|Manufacturer:||Art Applewhite Rockets|
This is a review of Art Applewhite's newly released 4" ‘Delta' saucer, which flies on 13mm motors. The main difference between his Delta saucers and his standard line is that there are no fins, and both the top and bottom shrouds extend to the motor mount. This makes them simpler to construct, less expensive, and fly higher than the standard saucers.
Note: This kit includes the parts to make two delta saucers! The following are the components for a single saucer:
Tools and supplies required
[BTW, if you already looked at my article on the 24mm delta saucer, you can pretty much skip to the launch section, as the assembly of these saucers is essentially identical]
My Delta saucer came nicely packaged in a ‘food saver' type sealed bag. The saucers were packaged in the shipping box with large plastic bubbles also made with a sealing machine. The three pages of instructions for the Delta saucer are well detailed and include lots of photos.
Construction of this saucer is really simple. You first cut out and form the top and bottom shrouds. On this small saucer, I found it difficult to cut the 13mm and launch rod holes with scissors so I used an Exacto knife for these cuts. You then cut out the center plate form the pre-marked foam board. There is an inner mark around the outer rim, where you only cut through the top layer. You then form a beveled edge by cutting at about a 30-degree angle and sanding the edge smooth.
Assembly consists of gluing the top shroud to the plate, adding the motor tube, and finally the bottom shroud. You must ensure that you align the launch rod guides on all three components. Also, make sure the motor mount extends through the front shroud so that no paper overhangs the end of the mount. On a home-grown paper saucer, I left some overhanging just a bit, and the gasses from the motor charred the paper, leaving a hole in the front.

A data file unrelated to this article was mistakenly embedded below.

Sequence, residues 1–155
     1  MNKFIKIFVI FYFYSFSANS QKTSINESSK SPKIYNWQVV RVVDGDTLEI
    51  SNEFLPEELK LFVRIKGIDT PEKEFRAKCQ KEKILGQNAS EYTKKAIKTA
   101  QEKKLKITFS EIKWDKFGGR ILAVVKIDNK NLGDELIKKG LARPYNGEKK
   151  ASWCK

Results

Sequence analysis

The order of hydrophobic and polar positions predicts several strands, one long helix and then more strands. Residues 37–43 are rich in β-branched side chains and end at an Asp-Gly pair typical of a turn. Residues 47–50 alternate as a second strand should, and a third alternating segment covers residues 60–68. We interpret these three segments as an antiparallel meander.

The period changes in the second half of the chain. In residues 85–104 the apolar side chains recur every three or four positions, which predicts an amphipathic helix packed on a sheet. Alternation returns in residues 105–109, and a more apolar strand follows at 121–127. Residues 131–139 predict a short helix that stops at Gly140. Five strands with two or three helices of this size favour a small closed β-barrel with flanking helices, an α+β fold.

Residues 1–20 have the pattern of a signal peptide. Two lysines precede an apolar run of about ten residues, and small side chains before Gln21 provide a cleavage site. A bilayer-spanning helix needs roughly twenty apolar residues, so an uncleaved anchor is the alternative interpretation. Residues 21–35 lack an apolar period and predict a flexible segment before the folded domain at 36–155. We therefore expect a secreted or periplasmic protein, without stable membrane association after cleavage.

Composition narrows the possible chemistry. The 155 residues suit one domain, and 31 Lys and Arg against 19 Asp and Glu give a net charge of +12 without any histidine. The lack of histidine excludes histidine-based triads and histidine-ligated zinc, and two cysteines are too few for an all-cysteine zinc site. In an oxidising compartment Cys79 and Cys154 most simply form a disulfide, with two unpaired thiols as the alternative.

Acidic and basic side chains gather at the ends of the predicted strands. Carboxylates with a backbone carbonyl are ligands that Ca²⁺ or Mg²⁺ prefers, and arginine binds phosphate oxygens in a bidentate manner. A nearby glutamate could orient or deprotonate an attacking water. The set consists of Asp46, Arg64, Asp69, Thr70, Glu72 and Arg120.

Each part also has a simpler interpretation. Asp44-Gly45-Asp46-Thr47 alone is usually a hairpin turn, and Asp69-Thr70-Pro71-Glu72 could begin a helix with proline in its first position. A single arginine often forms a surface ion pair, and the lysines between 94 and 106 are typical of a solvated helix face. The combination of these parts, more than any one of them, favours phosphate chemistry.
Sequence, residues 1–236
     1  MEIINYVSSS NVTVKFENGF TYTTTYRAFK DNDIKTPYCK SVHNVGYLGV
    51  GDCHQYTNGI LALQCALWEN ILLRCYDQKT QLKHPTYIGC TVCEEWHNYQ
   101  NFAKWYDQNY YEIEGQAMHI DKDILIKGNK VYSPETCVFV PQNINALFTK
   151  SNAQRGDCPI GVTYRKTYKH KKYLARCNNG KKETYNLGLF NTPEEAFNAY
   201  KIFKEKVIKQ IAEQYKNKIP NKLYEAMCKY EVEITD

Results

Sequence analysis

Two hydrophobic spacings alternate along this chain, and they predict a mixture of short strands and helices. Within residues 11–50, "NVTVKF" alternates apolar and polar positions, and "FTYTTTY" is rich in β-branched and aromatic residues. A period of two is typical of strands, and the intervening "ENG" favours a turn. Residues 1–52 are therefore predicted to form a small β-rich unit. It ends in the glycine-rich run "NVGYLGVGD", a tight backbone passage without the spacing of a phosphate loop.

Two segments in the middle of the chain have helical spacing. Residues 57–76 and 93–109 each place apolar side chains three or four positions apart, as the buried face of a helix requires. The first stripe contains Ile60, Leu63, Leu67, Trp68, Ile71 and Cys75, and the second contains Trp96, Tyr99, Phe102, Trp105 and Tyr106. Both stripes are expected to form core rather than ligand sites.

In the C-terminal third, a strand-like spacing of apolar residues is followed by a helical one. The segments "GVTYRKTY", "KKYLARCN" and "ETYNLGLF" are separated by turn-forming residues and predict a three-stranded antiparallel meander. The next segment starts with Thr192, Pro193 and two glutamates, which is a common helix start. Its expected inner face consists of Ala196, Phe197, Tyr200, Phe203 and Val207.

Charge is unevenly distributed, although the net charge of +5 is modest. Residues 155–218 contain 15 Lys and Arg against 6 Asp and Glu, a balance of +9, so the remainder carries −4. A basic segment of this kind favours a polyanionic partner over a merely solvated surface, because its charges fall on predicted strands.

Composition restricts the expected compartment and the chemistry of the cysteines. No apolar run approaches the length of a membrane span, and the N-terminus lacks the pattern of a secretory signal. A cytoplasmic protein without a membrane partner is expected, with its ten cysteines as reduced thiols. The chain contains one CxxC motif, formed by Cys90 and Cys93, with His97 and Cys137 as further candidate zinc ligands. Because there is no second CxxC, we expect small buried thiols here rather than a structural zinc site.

As with Art's other saucers, there is no finishing required, other than sealing the printed cardstock with a clear coat.
Construction Rating: 5 out of 5
In the instructions, Art says that you shouldn't fly these saucers in winds over 10 mph. This weekend the winds were over 10 mph, and several days of rain had left the field a swampy mess. The latter at least made saucers a perfect choice, as the area surrounding the pads was high and dry. And hey, if I've drive almost 2 hours to a launch, I'M GONNA FLY SOMETHING!
I loaded this saucer on a standard Estes 1/8" rod. Note there is no lug, rather the rod fits through gaps in the top, center plate, and bottom shroud. The boost of this small saucer was almost perfectly straight despite the winds. I was surprised as my earlier flight of a 12" 3x24" saucer was almost horizontal at apogee. The saucer fell nose first close to the pad.
Flight Rating: 5 out of 5
Art's Delta saucers are an interesting addition to his extensive saucer line. As advertised, they are indeed easier to build - I build two in a leisurely afternoon - and they fly well.
When I was going to rate these, I almost began feeling bad rating all Art's products so highly. There is no distinction between the different models if you go by my ratings. Finally, I decided “what the heck?" They all are relatively easy builds and fun. The Deltas are easier than the others are, but I have no problems cutting fins. My guidance to the buyer is: buy the size you think you'd like for the motors you want to use and buy the style you find most pleasing (standard vs. Delta, and the pattern/color).
Overall Rating: 5 out of 5
Brief: The 13mm Art Applewhite Delta Gold Flying Saucer kit was donated to me by EMRR for review. As one would expect from Art Applwhite, the kit is well designed, and meant to fly on Mini 13mm motors. The kit contains:- Set of clear photo illustrated instructions, A 13mm motor tube One sheet of Gold card (printed on reverse with all parts) Sheet of foam poster board, ...